How could we move our whole society higher on Maslow’s Hierarchy of Needs?

In 1943 psychologist Abraham Maslow wrote that people have five categories of needs.  Our most basic needs are for our physiological (air, food, etc.), and the next higher category is for our safety (personal security, employment, etc.).  The next step up in the hierarchy is our need for love and belonging (friendship, connections, intimacy, etc.).  Above that is our need for esteem (respect, positive self-image, freedom, etc.), and the highest level of need in Maslow’s hierarchy is the need for self-actualization (becoming the very best person you can be).
His theory states that only when a person has sufficiently satisfied our lowest need in this hierarchy will the person be able to pursue the need that is the next higher in the hierarchy.
In case you need more information to understand Maslow’s Hierarchy of Needs, you can see sources of information here: https://duckduckgo.com/?q=maslow’s+hierarchy+of+needs&atb=v22_c&ia=web

Let’s consider how this pertains not only to individuals but also to our entire society.

Also, let’s consider whether powerful forces are increasing their power by keeping individuals and our entire society at lower levels.  If so, we need to organize from the grassroots to build social and political change movements to help all of us get “unstuck” from the lower levels so we can all move upward to higher levels.

The economic system that dominates much of the world keeps many millions of people poor, and it keeps even working class and middle class people struggling with economic insecurity.  In the world’s richest country — the U.S. — half a million people are homeless, and about 30 million lack health care.  Many people’s drinking water supplies are polluted or contaminated.  The list goes on and on.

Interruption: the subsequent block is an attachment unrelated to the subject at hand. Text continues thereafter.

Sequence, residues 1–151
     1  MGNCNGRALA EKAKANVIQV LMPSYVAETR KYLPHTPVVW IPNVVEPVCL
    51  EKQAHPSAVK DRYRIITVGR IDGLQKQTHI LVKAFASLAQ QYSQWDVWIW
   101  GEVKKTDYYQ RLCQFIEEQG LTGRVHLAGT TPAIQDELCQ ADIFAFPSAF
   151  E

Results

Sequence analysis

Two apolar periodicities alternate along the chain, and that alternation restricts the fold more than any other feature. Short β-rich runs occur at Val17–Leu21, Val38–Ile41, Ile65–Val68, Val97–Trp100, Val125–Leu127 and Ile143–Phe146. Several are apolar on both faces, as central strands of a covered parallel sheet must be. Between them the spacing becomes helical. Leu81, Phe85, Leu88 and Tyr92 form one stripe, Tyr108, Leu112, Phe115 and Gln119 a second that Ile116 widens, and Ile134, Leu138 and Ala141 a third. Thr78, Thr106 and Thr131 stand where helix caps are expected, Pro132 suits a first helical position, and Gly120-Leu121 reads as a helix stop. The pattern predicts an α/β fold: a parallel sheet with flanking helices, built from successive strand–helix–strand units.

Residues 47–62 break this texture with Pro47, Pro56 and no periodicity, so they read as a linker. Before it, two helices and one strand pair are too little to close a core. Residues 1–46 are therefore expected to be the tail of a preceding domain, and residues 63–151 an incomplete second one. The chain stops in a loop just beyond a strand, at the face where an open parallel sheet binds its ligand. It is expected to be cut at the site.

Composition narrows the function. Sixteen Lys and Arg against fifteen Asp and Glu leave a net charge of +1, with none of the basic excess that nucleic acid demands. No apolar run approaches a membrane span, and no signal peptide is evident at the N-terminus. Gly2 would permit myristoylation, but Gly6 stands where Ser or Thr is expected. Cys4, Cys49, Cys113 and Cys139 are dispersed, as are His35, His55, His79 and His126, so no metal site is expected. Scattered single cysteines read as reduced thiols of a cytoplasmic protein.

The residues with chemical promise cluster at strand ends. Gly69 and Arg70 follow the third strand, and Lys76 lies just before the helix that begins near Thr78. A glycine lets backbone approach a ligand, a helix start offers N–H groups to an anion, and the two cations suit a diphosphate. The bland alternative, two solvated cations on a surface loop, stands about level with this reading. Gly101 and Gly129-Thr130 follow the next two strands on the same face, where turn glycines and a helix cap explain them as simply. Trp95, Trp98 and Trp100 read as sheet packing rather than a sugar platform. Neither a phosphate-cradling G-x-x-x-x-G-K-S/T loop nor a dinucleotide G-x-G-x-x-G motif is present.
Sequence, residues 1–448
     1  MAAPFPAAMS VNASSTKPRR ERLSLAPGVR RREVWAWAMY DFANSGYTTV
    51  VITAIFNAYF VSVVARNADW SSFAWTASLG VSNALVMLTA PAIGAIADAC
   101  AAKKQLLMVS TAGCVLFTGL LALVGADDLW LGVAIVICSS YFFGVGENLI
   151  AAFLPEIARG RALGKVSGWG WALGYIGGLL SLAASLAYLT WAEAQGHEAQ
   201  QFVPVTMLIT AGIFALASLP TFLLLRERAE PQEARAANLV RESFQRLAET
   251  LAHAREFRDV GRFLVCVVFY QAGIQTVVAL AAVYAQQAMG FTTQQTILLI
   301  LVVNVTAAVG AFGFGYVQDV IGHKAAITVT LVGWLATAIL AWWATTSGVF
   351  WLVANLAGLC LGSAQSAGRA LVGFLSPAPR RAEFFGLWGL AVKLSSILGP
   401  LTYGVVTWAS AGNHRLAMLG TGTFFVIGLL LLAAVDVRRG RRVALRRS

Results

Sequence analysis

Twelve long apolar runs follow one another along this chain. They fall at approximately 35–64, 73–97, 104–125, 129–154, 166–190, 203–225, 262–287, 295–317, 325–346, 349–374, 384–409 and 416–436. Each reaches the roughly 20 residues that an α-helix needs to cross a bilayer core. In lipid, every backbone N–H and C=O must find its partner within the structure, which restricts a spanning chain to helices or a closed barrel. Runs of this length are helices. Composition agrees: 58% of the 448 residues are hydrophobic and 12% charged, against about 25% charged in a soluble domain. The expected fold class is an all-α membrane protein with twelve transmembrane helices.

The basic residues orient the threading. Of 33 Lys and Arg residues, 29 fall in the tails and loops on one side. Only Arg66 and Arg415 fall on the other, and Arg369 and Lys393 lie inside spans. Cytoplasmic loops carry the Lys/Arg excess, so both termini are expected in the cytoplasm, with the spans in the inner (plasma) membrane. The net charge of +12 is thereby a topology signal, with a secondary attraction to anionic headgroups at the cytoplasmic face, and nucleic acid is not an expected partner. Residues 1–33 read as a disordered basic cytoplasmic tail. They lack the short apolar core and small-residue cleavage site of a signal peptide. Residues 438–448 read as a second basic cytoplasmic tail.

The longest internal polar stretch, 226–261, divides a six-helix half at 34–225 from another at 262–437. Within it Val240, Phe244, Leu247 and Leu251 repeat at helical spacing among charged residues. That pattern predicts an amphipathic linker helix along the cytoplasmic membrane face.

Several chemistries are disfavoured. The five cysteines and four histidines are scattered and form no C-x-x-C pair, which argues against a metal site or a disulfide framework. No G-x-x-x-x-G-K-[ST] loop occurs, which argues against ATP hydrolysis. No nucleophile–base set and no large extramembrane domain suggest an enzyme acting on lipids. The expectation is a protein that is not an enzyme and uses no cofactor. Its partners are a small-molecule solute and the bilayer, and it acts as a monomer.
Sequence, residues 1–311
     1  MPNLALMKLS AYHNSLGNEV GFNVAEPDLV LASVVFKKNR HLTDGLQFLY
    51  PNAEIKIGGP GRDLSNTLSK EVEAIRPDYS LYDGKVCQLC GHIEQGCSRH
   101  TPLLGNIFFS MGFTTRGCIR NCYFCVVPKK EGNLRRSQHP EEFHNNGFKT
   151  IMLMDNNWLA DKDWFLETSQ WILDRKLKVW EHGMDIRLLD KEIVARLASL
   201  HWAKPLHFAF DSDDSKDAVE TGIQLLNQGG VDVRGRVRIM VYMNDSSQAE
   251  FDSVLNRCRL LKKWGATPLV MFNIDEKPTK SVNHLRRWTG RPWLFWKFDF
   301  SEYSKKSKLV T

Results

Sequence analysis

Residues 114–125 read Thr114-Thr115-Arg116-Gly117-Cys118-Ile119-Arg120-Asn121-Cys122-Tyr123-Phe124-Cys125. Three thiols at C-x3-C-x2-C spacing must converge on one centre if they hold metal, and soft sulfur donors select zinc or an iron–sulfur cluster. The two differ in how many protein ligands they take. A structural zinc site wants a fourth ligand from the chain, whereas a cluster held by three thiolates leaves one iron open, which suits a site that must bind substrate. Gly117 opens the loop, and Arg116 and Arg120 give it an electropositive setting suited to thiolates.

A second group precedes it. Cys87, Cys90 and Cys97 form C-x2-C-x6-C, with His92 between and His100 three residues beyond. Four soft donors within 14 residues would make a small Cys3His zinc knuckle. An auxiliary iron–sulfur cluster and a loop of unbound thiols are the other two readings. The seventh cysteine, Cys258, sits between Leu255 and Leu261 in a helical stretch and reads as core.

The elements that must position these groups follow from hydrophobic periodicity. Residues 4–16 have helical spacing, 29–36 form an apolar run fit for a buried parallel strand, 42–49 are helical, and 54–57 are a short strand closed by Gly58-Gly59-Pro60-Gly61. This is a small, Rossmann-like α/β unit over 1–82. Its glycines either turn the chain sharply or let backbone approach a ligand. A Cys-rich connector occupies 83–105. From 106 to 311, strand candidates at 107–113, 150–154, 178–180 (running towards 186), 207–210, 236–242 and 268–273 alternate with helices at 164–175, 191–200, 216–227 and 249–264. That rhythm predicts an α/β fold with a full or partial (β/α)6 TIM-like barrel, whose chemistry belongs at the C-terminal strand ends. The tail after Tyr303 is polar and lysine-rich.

Powerful forces benefit by continuing those benefits, not only by exempting them from spending money to solve the problems, but also by keeping people stuck in the bottom two levels of Maslow’s hierarchy.  If somebody is severely stressed by insecurity about those basic physiological and safety needs, they will not be free to invest time and energy into promoting the reforms in our political and economic systems that keep those people suffering and insecure.

Also, powerful forces want to make people EVEN LESS SECURE by imposing additional fears and insecurities, such as fear of immigrants, fear of racial or ethnic minorities, fear of people who have the “wrong” religion, fear of LGBTQ people, and so forth.  If ordinary people succumb to these CONTRIVED FEARS, they get further stuck in the bottom two levels of Maslow’s Hierarchy of Needs.

Let’s blow the whistle and alert the public to these realities.  Let’s help the public to recognize — as a progressive movement asserted a few decades ago — that “ANOTHER WORLD IS POSSIBLE!  Let’s organize grassroots movements to nonviolently push back at the oppression and CHANGE OUR POLITICAL, ECONOMIC, AND CULTURAL SYSTEMS to HELP OUR ENTIRE SOCIETY MOVE HIGHER in Maslow’s Hierarchy of Needs.

 

 

 

 

 

 

 

 

 

 

 

 

 

 

About GlenAnderson 1498 Articles
Since the late 1960s Glen Anderson has devoted his life to working as a volunteer for peace, nonviolence, social justice, and progressive political issues. He has worked through many existing organizations and started several. Over the years he has worked especially for such wide-ranging goals as making peace with Vietnam, eliminating nuclear weapons, converting from a military economy to a peacetime economy, abolishing the death penalty, promoting nonviolence at all levels throughout society, and helping people organize and strategize for grassroots movements to solve many kinds of problems. He writes, speaks, and conducts training workshops on a wide variety of topics. Since 1987 he has produced and hosted a one-hour cable TV interview program on many kinds of issues. Since 2017 he has blogged at https://parallaxperspectives.org He lives in Lacey near Olympia WA. You can reach him at (360) 491-9093 glen@parallaxperspectives.org